For­mer World Cup skier hopes to de­velop Ski Cape Smokey

Cape Breton Post - - COMMENT - BY CHRIS HAYES

ways, rock climb­ing, sum­mer con­certs and elder hos­tels, if all his plans suc­ceed.

“ That’s re­ally one of the best ways that you can run a ski area rather than have ev­ery­thing sit for five to seven months a year.” he said. “I think the main busi­ness could ac­tu­ally be dur­ing the sum­mer. I mean, we have over a mil­lion peo­ple go­ing by the front door in the sum­mer there and you don’t even have to ad­ver­tise to get them.”

Mahre’s win­ter plans for the ski hill could in­clude adding ad­di­tional chair lifts, ex­pand­ing the down­hill runs, de­vel­op­ing some lengthy trails for snow­mo­biles and of­fer­ing com­pet­i­tive snow­mo­bile com­pe­ti­tions.

He thought the Ski Cape Smokey project would re­quire about $1 mil­lion to $1.5 mil­lion to get started but he couldn’t be as clear on the long-term cost for his am­bi­tious pro­pos­als.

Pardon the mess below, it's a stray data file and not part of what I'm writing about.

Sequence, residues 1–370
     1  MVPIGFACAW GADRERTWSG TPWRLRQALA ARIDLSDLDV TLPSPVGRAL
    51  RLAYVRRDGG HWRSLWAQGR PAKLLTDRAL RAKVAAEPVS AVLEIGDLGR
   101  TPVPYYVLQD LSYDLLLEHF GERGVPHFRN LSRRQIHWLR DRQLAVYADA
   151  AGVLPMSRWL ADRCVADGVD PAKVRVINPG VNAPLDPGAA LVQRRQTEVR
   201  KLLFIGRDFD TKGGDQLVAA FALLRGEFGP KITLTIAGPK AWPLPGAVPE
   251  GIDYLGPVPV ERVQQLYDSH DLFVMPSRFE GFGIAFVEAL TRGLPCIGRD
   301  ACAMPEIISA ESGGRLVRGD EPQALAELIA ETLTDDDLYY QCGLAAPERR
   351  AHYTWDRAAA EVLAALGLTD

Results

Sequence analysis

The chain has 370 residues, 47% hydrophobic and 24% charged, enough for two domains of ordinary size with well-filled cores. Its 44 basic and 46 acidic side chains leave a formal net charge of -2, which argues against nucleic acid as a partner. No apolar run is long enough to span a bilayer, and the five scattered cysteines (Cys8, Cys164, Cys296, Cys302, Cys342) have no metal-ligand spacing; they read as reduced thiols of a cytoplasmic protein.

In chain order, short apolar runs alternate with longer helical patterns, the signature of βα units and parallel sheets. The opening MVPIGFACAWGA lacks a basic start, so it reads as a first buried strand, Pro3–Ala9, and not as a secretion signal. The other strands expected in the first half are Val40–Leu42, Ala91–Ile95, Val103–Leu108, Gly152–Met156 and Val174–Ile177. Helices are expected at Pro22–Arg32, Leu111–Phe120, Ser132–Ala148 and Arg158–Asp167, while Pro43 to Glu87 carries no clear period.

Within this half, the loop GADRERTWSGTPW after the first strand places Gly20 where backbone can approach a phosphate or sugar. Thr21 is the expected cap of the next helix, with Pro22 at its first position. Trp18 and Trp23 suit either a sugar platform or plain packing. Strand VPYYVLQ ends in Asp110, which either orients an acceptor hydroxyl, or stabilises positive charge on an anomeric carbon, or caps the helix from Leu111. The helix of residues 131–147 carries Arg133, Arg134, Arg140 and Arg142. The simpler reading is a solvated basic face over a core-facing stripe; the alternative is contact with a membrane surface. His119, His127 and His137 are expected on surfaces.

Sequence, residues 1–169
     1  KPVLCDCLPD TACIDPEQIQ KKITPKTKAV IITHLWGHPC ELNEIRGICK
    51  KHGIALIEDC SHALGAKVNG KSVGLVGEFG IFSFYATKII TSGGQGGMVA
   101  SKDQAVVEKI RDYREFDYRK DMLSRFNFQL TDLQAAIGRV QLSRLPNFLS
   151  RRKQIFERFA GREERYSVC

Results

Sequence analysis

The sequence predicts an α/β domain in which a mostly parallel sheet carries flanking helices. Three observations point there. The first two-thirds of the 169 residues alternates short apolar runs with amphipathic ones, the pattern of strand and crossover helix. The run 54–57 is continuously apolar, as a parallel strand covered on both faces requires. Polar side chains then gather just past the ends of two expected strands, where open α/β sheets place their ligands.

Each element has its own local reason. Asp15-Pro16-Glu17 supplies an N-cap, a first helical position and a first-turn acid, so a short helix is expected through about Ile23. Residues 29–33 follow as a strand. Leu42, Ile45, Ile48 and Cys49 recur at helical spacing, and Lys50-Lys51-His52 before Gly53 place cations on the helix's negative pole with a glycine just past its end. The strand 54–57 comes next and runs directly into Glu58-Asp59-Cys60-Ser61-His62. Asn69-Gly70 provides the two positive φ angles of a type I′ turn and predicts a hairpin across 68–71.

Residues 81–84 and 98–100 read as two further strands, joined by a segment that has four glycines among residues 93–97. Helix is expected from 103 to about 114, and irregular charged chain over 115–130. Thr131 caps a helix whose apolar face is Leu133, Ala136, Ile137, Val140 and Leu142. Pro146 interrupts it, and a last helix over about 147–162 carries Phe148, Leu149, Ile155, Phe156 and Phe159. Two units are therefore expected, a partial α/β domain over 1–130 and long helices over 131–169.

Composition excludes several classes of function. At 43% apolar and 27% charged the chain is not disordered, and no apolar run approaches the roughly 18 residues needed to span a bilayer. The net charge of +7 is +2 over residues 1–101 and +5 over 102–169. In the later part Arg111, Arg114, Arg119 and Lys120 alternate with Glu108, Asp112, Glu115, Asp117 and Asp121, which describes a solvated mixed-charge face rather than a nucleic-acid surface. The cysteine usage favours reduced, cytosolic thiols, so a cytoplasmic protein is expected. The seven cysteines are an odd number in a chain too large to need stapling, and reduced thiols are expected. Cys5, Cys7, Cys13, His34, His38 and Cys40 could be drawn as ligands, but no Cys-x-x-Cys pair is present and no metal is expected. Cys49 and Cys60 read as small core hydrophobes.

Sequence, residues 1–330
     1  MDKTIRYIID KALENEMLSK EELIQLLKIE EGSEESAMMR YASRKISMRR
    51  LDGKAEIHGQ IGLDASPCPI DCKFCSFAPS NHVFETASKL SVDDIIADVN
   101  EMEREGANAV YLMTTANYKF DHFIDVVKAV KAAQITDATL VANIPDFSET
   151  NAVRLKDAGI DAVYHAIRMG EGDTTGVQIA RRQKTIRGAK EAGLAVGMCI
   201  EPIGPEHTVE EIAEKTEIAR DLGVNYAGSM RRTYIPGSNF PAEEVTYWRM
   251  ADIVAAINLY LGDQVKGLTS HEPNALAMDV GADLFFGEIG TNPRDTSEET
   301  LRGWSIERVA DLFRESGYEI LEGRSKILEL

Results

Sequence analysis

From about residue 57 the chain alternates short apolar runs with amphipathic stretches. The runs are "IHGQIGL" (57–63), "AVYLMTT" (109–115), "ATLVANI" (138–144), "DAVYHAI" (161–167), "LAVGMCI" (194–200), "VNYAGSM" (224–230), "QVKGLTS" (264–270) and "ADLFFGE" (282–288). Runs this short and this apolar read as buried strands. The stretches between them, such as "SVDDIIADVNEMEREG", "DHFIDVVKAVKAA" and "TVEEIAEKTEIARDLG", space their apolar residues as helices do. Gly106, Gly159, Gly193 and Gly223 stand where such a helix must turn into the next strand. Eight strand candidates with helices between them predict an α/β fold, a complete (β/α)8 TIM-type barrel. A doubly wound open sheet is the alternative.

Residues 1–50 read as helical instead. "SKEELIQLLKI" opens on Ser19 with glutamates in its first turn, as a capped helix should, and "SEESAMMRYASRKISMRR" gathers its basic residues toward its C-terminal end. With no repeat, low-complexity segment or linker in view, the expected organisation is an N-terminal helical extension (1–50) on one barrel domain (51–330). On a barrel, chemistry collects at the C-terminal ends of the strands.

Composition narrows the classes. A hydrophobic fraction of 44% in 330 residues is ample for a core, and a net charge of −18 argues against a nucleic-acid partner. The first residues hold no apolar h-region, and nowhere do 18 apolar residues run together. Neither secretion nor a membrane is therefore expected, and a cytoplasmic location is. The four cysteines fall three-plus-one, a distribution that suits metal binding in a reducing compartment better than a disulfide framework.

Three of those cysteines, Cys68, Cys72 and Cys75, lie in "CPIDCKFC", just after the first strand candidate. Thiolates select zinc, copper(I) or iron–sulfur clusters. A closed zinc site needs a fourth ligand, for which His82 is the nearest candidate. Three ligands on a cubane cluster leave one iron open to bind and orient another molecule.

Ski re­sorts are mak­ing money all around the world, es­pe­cially when they have year-round op­er­a­tions, he said.

Mahre, who was on the U.S. na­tional ski team and skied the World Cup cir­cuit, lives in north­ern Wash­ing­ton state and is the ex­ec­u­tive di­rec­tor of a non-profit group called the Pa­cific North­west Ski As­so­ci­a­tion, which or­ga­nizes ski­ing com­pe­ti­tions in sev­eral U.S. states.

Lo­cal vol­un­teers work­ing through the so­ci­ety hope to re­open sev­eral runs at Ski Cape Smokey this win­ter us­ing nat­u­ral snow, which so far has been in short sup­ply.

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